Around 30% also follow companies and brands they purchase from on social media. Social media clearly has a big impact on brand discovery and building brand relationships. For a group that wants to be involved and have more direct relationships with brands, social provides the perfect avenue for this.
Influencers have been a crucial part of many brands’ social strategy for some time now. Yet, many consumers are experiencing influencer fatigue – something which brands need to take note of.
Increasingly, we’re seeing a move away from the aspirational influencers or celebrities to the “everyday influencer”. Two-thirds of affluent Gen Zs or millennials say they relate most to their friends or peers and 55% say they relate more to their family members on social media compared to 43% for social media stars like TikTok personalities.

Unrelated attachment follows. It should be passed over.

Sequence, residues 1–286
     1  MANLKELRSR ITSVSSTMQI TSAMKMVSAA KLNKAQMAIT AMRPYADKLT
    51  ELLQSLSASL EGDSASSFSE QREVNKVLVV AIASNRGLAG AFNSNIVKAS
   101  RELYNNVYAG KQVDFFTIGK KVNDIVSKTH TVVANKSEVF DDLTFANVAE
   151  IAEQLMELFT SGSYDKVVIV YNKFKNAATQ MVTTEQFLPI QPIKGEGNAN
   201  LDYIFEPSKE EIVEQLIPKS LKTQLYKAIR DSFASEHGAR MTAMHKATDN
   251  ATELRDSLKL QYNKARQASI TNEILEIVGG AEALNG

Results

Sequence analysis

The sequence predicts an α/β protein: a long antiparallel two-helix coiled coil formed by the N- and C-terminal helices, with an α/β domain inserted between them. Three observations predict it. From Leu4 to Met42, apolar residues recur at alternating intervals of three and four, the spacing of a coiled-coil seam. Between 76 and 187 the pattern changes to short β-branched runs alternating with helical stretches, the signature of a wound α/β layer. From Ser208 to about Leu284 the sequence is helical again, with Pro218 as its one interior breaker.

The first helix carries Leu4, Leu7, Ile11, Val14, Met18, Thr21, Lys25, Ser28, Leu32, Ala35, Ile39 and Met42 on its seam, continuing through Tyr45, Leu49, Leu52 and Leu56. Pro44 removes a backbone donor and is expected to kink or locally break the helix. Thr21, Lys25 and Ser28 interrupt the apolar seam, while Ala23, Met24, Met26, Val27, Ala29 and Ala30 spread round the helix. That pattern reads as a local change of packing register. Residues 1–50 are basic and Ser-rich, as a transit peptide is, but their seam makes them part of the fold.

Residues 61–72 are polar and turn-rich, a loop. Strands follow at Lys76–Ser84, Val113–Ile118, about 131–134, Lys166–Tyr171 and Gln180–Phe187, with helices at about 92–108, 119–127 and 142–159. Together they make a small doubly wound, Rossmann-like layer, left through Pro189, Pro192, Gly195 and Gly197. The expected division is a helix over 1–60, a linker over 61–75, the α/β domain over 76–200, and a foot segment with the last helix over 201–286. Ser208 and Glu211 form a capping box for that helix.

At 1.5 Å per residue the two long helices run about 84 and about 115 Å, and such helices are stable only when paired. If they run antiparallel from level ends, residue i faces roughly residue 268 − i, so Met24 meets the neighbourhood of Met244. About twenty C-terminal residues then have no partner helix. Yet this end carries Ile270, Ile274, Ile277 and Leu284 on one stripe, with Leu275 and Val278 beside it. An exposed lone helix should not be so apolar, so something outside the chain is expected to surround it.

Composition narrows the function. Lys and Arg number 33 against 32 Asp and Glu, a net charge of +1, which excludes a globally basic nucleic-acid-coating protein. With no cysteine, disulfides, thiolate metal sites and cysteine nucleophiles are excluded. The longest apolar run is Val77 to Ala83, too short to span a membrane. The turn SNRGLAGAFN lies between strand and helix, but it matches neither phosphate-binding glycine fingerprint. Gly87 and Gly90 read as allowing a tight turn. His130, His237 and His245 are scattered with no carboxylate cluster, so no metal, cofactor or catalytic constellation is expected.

To put simply: people trust those they have a personal connection with.
Younger generations expect more transparency and authenticity from people they follow. For example, 42% of affluent Gen Zs and millennial social media users say they want to see people they follow taking a stance on important issues. That’s compared to 36% of everyone else the same age.
Qualities like credibility, authority, authenticity, and trustworthiness have all become much more important for this audience since the pandemic. This is also reflected in their attitudes toward influencers, where they want them to be more open when they use filters on their photos.
47% of affluent Gen Z s and millennials say credibility is a more important quality in the people they follow on social media since the pandemic – 31% more likely to say this than everyone else their age.
The rise of “genuinfluencers” is serious business. Lavish backdrops and aspirational product placements are replaced with people that take a stance on important issues and are open about their own struggles or who have a genuine passion for a particular topic.